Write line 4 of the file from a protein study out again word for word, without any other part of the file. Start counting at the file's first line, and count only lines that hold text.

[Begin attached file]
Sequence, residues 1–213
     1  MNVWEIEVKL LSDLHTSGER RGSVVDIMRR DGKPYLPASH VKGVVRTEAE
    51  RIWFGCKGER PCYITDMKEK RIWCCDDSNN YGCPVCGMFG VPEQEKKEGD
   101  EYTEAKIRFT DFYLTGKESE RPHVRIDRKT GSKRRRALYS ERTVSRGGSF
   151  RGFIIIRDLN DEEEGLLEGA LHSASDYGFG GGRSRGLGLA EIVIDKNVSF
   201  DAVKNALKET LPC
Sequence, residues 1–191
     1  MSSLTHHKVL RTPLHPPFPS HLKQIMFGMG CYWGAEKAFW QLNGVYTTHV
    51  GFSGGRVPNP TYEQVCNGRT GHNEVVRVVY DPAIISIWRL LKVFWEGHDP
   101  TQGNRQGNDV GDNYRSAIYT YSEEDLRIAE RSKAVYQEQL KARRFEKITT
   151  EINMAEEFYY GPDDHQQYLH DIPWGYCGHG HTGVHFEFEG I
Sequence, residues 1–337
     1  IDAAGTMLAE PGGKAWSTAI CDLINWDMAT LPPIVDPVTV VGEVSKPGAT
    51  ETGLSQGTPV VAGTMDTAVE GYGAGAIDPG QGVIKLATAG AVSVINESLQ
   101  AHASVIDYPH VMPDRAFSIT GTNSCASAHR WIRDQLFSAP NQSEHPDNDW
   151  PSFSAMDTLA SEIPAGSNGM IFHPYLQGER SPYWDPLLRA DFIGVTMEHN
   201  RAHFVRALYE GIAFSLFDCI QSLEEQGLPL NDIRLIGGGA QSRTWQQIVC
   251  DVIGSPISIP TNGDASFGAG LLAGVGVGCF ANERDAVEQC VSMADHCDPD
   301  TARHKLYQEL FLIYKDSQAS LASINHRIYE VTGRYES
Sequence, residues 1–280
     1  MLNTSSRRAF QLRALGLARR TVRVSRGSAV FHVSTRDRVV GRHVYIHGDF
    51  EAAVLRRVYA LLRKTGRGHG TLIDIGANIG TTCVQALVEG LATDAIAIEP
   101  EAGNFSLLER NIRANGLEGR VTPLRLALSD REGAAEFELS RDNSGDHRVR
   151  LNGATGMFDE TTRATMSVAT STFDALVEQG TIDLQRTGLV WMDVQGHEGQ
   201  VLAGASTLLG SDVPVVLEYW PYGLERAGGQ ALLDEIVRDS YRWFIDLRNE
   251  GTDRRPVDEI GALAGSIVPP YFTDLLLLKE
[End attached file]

   101  EYTEAKIRFT DFYLTGKESE RPHVRIDRKT GSKRRRALYS ERTVSRGGSF